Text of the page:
JOINT BASE CHARLESTON, S.C. -- —
The 628th Contracting Squadron and 628th Comptroller Squadron tested skillset, knowledge and readiness of their Airmen during a contingency contracting exercise here April 26-28.
In a deployed environment Airmen might wonder where large palettes of bottled water, lumber for constructing facilities, or the generators keeping equipment running come from. Thanks to the combined efforts of contracting and comptroller Airmen, acquiring these assets is possible. Exercises like these help ensure Airmen, who control the flow of money and procure purchases, are prepared to deliver.
“We’re using what they’re receiving in some of these power point training classes to apply in a hands-on environment,” said U.S. Air Force Master Sgt. Jason Frazee, 628th Contracting Squadron superintendent and exercise evaluation team member. “If something happens in another country and we have to be there in a moment’s notice, this exercise trains us for such an eventuality.”
During the exercise Airmen were tested in their career field knowledge, problem solving skills, interoperability, and the ability to work under stress. The exercise focused on bare base scenarios, or starting operations from the ground up. For some, the tempo proved to be something they weren’t quite used to.
“We didn’t really know what to expect because a lot of us haven’t deployed before so we only had it in theory,” said U.S. Air Force Staff Sgt. Brittany Kempton, 628th CONS small buy team contracting officer. “We got there and it was on us to set up a workspace. We started getting requirements as if we had just showed up downrange. It was like, ‘these guys need water, what do we do?’”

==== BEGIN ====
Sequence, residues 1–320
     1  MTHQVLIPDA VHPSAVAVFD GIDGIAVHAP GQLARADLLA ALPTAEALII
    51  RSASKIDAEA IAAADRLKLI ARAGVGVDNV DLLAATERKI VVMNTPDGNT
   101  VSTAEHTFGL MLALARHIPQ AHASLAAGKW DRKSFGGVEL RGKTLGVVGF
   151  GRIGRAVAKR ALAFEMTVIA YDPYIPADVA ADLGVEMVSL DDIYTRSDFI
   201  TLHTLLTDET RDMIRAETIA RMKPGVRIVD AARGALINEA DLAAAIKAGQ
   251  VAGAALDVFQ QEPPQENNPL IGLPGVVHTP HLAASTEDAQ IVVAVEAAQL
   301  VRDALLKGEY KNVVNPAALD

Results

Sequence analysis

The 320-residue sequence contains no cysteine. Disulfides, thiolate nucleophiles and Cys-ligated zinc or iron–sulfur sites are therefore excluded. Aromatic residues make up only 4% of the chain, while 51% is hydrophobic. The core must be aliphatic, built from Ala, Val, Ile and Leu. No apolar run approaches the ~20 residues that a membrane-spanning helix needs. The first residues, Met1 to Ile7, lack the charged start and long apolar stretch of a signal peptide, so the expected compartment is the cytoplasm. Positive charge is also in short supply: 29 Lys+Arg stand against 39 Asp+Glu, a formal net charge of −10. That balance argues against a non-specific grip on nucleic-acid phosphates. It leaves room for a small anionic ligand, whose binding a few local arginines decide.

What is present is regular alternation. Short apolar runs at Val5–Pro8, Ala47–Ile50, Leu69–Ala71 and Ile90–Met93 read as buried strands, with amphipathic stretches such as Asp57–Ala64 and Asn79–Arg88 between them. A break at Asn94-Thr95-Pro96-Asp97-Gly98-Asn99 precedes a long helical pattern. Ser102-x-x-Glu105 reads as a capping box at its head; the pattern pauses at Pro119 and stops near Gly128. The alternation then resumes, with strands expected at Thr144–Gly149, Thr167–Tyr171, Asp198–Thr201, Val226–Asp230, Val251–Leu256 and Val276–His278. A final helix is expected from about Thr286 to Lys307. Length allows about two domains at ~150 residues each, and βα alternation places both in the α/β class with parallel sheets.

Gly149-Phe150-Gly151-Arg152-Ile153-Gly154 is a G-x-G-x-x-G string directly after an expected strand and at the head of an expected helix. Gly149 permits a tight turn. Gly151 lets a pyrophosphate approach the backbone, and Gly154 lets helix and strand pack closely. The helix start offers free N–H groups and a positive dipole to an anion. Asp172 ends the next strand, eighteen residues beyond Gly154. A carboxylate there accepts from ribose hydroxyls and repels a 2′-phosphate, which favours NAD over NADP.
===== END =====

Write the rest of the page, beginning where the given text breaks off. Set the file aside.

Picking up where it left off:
The exercise provided challenges for players from both squadrons.
“The first one was getting the tempo down and getting a feel of what it was going to be like with contracting,” said U.S. Air Force Airman 1st Class James Hauck, 628th CPTS special actions technician. “Another was figuring out how to go about requesting more money. Our bank was short and we had to figure out how to make sure we didn’t over spend. We reviewed the regulations which provided helpful answers.”
Despite some obstacles the exercise team found ways through their knowledge and resources to overcome the possibility of failure.
“As soon as it was over I was like ‘alright let’s go do this for real,’” said Kempton. “It got me thinking of a lot of different things I may not see day-to-day here. I realized I can think on my feet, I do know this stuff. It was a boost to know everything I’ve been learning the past six and a half years, I’ve stored away.”
Some of the Airmen credited much of the success to the constructive working relationship between the 628th CONS and CPTS.
“There was great teamwork between the two,” said Staff Sgt. Jordan Stinson, 628th CPTS financial analyst supervisor and exercise trainer. “CONS and CPTS always work together in every deployed scenario or exercise but it was nice to more or less focus on that. We’re usually together at all times but its tiny interaction. This was focused on high tempo and communication. I’m we were able to do this.”
Facilitators and participants of this year’s exercise hope training like this can continue and evolve in the future. The anticipation is that all involved will walk away more prepared for the real thing.
“I just hope they retain the knowledge,” said Stinson. “I can see all of these young Airmen staying in to the point where they’re going to deploy. It would be nice for them to be able to look back and say ‘I remember the sequence, Sergeant Stinson showed me this,’ and they have something to reference rather than going in blindly.”